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How to End Your Writer’s Block (& Other Creative Inhibitions) NOW

23 June 2011 No Comment

african american woman writing

I put a status quote up on facebook last night that read: “All work is creative work if done by a thinking mind, and NO work is creative if done by a blank in uncritical stupor a routine he has learned from others.” (Ayn Rand)



…so in that spirit, let’s talk for a second about overcoming writer’s block (and other creative problems) because, if you’re checking out this blog, chances are that you have some pretty great ideas yourself, you just haven’t found the right method to get it all out of you yet…




Step 1: Learn from Old-School Rhyme Geniuses

…like Prodigy of Mobb Deep fame.






I came across this dope song a while back called “Self-Conscience” by him and Nas. Take a second to listen to it (excuse the language):

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prodigy of mobb deep in the song self-conscienceIn Prodigy’s verse, he explains how he uses his own internal voice to help navigate him through writer’s block and other forms of self-doubt:


“Trust me Dun – I’d never leave you astray: take my word, n___s want to hear how you think…



Speak your thoughts, put your all in it. Whatever’s in your mind, spit it. Place your angle on the page; release tension on the tape.



A stressed verse seem to be what they most thirst: (it) makes fake n__s disperse and never challenge your works…”
~ Prodigy



What makes it so brilliant is how he crafted the rhyme: peep how it’s actually a conversation with his own awareness itself, and how his internal warrior is his ally, NOT his enemy (which is where most of us are, unfortunately).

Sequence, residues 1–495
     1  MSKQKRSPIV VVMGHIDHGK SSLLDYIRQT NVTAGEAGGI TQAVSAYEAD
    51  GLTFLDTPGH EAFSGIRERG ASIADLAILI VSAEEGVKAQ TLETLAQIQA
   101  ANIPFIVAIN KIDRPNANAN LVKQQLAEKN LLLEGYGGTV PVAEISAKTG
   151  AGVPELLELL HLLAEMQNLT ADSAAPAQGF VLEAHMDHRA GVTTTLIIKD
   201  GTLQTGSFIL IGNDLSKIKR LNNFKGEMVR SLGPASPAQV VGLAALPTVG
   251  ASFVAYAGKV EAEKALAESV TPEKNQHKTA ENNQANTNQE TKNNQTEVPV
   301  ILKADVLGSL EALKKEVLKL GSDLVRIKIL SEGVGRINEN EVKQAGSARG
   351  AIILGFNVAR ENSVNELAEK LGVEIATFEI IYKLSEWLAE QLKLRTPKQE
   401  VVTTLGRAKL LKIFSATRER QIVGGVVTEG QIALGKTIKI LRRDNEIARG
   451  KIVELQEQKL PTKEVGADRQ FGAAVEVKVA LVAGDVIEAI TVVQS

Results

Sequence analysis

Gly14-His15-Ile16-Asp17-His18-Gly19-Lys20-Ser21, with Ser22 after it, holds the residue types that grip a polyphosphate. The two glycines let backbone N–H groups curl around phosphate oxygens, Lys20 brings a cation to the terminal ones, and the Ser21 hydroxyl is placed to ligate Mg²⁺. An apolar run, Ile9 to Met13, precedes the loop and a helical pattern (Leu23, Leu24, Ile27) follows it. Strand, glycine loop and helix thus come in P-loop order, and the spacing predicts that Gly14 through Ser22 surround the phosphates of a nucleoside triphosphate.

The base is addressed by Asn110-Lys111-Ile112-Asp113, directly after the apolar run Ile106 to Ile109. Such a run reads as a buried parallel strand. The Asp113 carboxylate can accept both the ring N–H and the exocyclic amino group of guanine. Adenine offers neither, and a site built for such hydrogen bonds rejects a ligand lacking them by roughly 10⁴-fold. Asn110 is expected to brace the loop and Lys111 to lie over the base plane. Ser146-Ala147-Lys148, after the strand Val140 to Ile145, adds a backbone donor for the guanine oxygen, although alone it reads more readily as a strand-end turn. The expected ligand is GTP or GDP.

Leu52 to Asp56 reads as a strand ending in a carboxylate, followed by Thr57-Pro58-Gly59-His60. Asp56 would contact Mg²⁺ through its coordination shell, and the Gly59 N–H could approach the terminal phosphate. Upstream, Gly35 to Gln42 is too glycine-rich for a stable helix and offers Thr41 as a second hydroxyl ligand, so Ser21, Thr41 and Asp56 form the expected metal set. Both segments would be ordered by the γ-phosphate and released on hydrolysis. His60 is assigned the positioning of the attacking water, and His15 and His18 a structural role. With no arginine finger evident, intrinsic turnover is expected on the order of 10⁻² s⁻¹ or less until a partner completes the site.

Step 2: Push It Out of You

Think about writing – or any creative work – like delivering a baby: you just have to keep pushing that life out of you regardless of the psychological pain.


African American mother giving birth



The way I see it, my creative flow is like water, so even if it comes out unformed, I can bottle it up in any container I want after the fact, and then put a dope label on it just to let people know how fly it is before they get their first taste.



In other words, I know ahead of time that the first draft IS NOT what people will see, and that there’s an editing process to help refine what first comes out as nonsense.



Here’s more from another writer about “pushing the baby out”:

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Step 3: Take the Artist’s Way

the artist's way by Julia CameronThere’s also this cool book that came out a while ago called The Artist’s Way: A Spiritual Way to Higher Creativity, by Julia Cameron.



I think you should check out the audio version, because this woman’s kind of deep, and it’s nice hearing her actually speak since it gives you a better feel for her state of mind.






Here’s two techniques she mentions (and keeps returning to) throughout the book:



1) Artist’s Dates: Take your inner-artist out on an actual date. Technically you’re going by yourself, but if you can learn to see your creative side as another person you carry inside of you (like an inner child), you’ll begin to see ways to cultivate it and make it grow.



For me, this includes things like museums, parks and libraries, but it should be wherever works for you. Dedicate yourself to taking yourself somewhere that’ll spark your creativity once a week.



2) Morning Pages, or essentially fast-paced journaling, done first thing in the morning (as in, the VERY first thing immediately as you wake up).



The idea here is to grasp the most you can out of your subconscious: by journaling immediately when you wake up, you can clear away all of the deep subliminal stuff that’s blocking you.


young african american girl writing in journal



So that’s it. Leave me a comment below letting me know YOUR favorite methods for un-blocking creativity, or your favorite technique out of everything mentioned above, and then get to work, NOW…

Peace,
+B



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